Whether you've just decided to move out to a desert climate or you're already there and wondering how you can live more efficiently, it pays to know some start strategies for coping as a homeowner with the hot, arid conditions. Here are some ways you can enjoy the desert lifestyle as comfortably, affordably and efficiently as possible.
You can expect to go through a lot of water if you're trying to maintain the lush green lawn and shrubbery so commonly found in more temperate climates. Since water is generally in short supply in these areas, you can also expect to pay dearly for it and abide by a local watering rotation schedule. But this doesn't mean that you have to either watch your vegetation die or go broke trying to keep it alive. There's another option that can beautify your home in an affordable manner -- xeriscape landscaping, also known as xeriscaping.
Xeriscape landscaping makes use of hardy, draught-tolerant vegetation that can thrive in arid locations instead of fragile, thirsty non-native grasses and plants. For example, you might plant daffodils, myrtles, cacti and other such vegetation in beds of mulch surrounded by aesthetically-arranged stones and sculptures. Of course, even draught-tolerant plant life requires some water, but you can get by with an efficient drip irrigation system that delivers adequate water directly to the plants instead of spraying it wastefully. You can expect to save anywhere from 50 to 75 percent on your water bill with a properly xeriscaped yard, so talk with xeriscape landscapers in the area, like Bourget Bros Building Materials.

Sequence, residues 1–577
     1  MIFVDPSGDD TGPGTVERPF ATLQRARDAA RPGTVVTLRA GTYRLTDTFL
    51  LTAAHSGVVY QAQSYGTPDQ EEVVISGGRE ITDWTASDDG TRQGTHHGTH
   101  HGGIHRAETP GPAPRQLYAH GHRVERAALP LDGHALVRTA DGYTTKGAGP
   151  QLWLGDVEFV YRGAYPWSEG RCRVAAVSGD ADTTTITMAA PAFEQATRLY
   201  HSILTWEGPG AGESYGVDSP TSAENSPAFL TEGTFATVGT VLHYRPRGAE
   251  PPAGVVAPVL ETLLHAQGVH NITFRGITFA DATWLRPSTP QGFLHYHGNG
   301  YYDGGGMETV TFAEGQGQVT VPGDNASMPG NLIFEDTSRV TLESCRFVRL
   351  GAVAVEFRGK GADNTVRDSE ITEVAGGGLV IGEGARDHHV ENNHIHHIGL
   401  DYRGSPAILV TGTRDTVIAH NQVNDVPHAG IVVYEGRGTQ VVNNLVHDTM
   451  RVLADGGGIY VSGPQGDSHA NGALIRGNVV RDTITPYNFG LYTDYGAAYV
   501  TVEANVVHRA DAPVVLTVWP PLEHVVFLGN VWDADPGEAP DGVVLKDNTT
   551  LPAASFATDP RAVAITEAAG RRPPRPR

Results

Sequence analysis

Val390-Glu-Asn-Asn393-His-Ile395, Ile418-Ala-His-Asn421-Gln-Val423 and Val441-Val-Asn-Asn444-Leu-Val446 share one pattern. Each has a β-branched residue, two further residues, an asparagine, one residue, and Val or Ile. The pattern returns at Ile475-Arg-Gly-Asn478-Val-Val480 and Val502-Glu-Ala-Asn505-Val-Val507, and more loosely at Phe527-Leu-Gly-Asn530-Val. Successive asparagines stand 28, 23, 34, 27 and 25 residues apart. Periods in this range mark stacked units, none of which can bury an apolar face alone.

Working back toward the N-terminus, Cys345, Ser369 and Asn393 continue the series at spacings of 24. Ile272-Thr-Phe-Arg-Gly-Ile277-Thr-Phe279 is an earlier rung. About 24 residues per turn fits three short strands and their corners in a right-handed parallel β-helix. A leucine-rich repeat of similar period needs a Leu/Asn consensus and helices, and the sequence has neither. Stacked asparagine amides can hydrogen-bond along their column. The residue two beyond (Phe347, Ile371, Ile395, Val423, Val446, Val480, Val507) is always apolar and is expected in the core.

If you're still picking out your new desert dream home, give serious thought to what kind of cooling the home already has -- or will have, in the case of an older residence that may have no modern cooling system as of yet. While modern central air conditioning systems are popular throughout much of the U.S. for their ability to cool both dry and moist air, they can also run up a considerable electric bill in a hot climate. Many desert dwellers in the western and southwestern U.S. prefer a simpler, more economical option: the swamp cooler.
Swamp coolers can be built right into a home without a cooling system or added to a home that already has central air conditioning. You can get large units that serve entire large homes or smaller units adequate for rooms or other modest areas. A swamp cooler uses evaporative cooling, pushing air over damp pads to draw the heat out of it. This approach would have no effect in a humid climate -- but in the dryness of the desert, it can lower your home's air temperatures by 15 to 40 degrees. Best of all, they use only one-fourth of the energy required by a central air conditioning system.
When the desert sun is beating down mercilessly on your home, much of that heat can pass directly through your roof and into your rooms, even after you've done all your can to insulate the roof's inner surfaces. In this environment, ordinary dark-colored asphalt shingles can be just about the worst roof material you could possibly choose, since this kind of roofing tends to absorb thermal energy. If you want a cool desert home, start at the top with a cooler roof.
The simplest way to obtain a cool roof is to place a reflective layer on top of the roofing already installed. This could be a matter of painting the roof white (or another light color) to bounce those rays off the roof. Flat or low-slope roofs can be covered with reflective single-ply membranes that attach to the roof in large sheets. Roofs with more severe slopes can be resurfaced with light-colored tiles or modern shingles specially designed to reflect more thermal energy than traditional shingles. If you want shingles that not only redirect light but also provide free electricity, consider enhancing that cool roof with solar shingles.
Give these strategies some serious thought, and you may find desert life easier and more cost effective than you'd ever imaged it could be. Now, go enjoy that incredible scenery!